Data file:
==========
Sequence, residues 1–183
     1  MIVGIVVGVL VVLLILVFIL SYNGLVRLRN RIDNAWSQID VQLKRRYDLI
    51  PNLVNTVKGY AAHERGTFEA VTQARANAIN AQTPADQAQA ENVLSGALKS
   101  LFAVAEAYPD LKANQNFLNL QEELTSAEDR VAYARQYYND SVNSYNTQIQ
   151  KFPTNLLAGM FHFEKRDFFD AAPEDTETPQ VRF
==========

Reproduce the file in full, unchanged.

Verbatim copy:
Sequence, residues 1–183
     1  MIVGIVVGVL VVLLILVFIL SYNGLVRLRN RIDNAWSQID VQLKRRYDLI
    51  PNLVNTVKGY AAHERGTFEA VTQARANAIN AQTPADQAQA ENVLSGALKS
   101  LFAVAEAYPD LKANQNFLNL QEELTSAEDR VAYARQYYND SVNSYNTQIQ
   151  KFPTNLLAGM FHFEKRDFFD AAPEDTETPQ VRF